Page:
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Lead Nurturing and Lead Scoring – A Critical Link


On a recent guest post at the Bridge Group’s blog, author Henry Bruce brings up some research by Marketing Sherpa that states that 75% of all sales leads generated are going to buy at some point in the next 18-24 months.

Think about that for a minute.

A. Only 1 in 4 leads is ever totally non-productive. They may not convert now, or in the time frame the rep wants, but contrary to popular belief, it’s relatively rare for a sales lead to be total garbage. 75% of the active leads in our CRM systems RIGHT NOW are going to buy a product or service in our sector from somebody, somewhere in the next two years. So why not from you/me/us, if we’re the right fit?

B. It also seems to indicate that the need to intelligently score leads is now more critical than ever to prevent waste. 18-24 months is a long time, and no sales rep in their right mind is going to try and keep a prospect “on the hook” for a year-and-a-half. If they’re not buying now, stop wasting effort, the thought process goes, and use a long-term lead nurturing strategy.

But if they can’t make contact quickly, sales reps are far too willing to consign leads to the “nurturing” bucket (which all too often is perceived as a garbage can, rather than an opportunity generator).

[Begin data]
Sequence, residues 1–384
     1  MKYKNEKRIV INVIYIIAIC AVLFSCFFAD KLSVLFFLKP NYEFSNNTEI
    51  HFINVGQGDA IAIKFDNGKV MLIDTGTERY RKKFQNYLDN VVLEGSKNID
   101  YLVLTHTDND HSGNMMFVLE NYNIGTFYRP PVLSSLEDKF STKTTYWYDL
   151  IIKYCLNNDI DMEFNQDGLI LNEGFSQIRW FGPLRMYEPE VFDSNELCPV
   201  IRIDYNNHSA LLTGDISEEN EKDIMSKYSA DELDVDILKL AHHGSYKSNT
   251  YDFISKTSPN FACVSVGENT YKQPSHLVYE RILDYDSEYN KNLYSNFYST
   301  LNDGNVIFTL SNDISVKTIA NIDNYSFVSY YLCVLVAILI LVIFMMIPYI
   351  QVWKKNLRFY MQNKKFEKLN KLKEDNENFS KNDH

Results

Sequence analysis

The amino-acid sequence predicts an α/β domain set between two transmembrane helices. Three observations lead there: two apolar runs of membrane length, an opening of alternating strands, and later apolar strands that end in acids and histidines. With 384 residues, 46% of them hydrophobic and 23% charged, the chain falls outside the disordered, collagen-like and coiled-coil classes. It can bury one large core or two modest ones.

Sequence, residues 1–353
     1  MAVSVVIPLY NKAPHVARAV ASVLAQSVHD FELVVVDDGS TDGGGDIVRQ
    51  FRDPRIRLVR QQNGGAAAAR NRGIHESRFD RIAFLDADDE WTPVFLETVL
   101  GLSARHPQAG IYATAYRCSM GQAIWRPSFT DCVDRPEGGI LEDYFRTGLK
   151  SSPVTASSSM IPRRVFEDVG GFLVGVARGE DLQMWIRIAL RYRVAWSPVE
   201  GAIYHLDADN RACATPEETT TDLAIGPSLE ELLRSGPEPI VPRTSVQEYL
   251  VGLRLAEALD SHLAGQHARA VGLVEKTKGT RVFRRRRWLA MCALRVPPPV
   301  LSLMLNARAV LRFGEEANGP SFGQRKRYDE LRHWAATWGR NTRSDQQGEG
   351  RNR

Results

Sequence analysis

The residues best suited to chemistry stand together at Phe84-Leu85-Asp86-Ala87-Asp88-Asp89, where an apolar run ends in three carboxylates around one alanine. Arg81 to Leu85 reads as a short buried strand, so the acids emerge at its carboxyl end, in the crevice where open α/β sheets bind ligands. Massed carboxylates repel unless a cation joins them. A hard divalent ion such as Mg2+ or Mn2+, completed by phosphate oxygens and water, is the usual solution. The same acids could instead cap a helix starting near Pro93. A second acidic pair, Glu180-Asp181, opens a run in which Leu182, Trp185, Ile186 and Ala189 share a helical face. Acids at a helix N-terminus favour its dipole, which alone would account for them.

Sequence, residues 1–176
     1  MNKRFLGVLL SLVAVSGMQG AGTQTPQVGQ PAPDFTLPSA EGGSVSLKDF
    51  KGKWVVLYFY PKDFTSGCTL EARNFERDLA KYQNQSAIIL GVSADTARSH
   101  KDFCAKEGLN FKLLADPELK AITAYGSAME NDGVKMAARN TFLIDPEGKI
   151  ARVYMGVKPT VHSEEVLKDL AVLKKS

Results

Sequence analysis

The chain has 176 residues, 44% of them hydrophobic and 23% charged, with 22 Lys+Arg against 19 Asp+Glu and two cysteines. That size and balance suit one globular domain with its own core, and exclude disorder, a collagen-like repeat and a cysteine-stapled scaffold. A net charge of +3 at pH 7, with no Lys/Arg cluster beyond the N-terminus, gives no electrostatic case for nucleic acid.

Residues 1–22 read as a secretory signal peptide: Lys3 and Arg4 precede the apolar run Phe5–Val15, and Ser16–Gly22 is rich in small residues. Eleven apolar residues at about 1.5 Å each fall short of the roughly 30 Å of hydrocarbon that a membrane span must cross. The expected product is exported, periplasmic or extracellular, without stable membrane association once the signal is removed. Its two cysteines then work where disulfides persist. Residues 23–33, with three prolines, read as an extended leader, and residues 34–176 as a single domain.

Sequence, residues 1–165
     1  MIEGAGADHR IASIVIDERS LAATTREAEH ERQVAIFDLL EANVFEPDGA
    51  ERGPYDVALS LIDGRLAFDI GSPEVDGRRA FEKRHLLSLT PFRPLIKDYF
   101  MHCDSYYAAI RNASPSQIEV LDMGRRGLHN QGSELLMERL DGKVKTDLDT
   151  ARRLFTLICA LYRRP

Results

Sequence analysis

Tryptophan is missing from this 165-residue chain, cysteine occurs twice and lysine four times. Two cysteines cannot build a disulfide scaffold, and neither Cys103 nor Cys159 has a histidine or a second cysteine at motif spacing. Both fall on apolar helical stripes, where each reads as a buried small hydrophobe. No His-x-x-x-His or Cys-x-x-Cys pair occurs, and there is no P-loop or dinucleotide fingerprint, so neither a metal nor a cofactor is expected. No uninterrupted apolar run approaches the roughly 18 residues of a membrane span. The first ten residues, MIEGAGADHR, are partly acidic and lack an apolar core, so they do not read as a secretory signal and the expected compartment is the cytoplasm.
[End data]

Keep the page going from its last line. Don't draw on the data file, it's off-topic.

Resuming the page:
You can’t qualify someone you can’t contact, obviously, but one of the big reasons reps aren’t “making contact” is because they aren’t responding fast enough, and they’re not persistent enough.

As Sales 2.0 Network’s Donal Daly states, there’s only 2 reasons you ever lose a sale—because you weren’t supposed to be there in the first place (meaning your solution was never the right “fit” to begin with), or you got outsold. You got outworked, out-thought, out-presented, out-collateraled, outsmarted.

Immediate lead response technologies and techniques can be a key component in avoiding both. If you respond immediately to leads (as in minutes, not hours or days), you’re massively more likely to make contact with the inquiry. Your ability to set an appointment and start a viable needs analysis increases, and happens in a shorter time frame. Bottom line, immediate and persistent response means you’re much more likely to know right off the bat whether you’re supposed to be there at all.

Furthermore, for qualified “hot” leads, particularly leads coming off the Web, the faster you make contact the stronger your chance to make a good, valid first impression—an impression that is much more likely to carry over into the 18-24 month nurturing cycle if they’re not buying now. CSO Insights states that 40-50% of all sales go to the vendor who makes first contact. Don’t just get there, get there first, and get there by phone, not just email. MIT research shows a phone call should be the FIRST contact attempt, not the second, third, or fourth.

If you lose a sale because you simply weren’t supposed to be there, it’s always better to do it early rather than late. And if you lose a sale because you’ve been outsold, why let it be because you didn’t seize the opportunity when you had it? Even if a prospect isn’t buying until potentially two years down the road, the opportunity to make a first impression only happens once.

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